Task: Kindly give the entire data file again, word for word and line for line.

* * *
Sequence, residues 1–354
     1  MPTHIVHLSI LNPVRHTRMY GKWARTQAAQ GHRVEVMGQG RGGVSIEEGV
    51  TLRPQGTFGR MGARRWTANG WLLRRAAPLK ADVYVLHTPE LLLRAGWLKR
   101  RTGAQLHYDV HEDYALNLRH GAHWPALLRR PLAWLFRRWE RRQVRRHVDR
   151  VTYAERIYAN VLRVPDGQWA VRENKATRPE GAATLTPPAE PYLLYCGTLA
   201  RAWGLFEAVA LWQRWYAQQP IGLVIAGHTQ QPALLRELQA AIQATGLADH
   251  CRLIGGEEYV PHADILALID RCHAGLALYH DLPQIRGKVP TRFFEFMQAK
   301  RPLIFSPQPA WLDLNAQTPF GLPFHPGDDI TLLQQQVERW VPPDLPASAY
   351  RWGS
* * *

Sequence, residues 1–354
     1  MPTHIVHLSI LNPVRHTRMY GKWARTQAAQ GHRVEVMGQG RGGVSIEEGV
    51  TLRPQGTFGR MGARRWTANG WLLRRAAPLK ADVYVLHTPE LLLRAGWLKR
   101  RTGAQLHYDV HEDYALNLRH GAHWPALLRR PLAWLFRRWE RRQVRRHVDR
   151  VTYAERIYAN VLRVPDGQWA VRENKATRPE GAATLTPPAE PYLLYCGTLA
   201  RAWGLFEAVA LWQRWYAQQP IGLVIAGHTQ QPALLRELQA AIQATGLADH
   251  CRLIGGEEYV PHADILALID RCHAGLALYH DLPQIRGKVP TRFFEFMQAK
   301  RPLIFSPQPA WLDLNAQTPF GLPFHPGDDI TLLQQQVERW VPPDLPASAY
   351  RWGS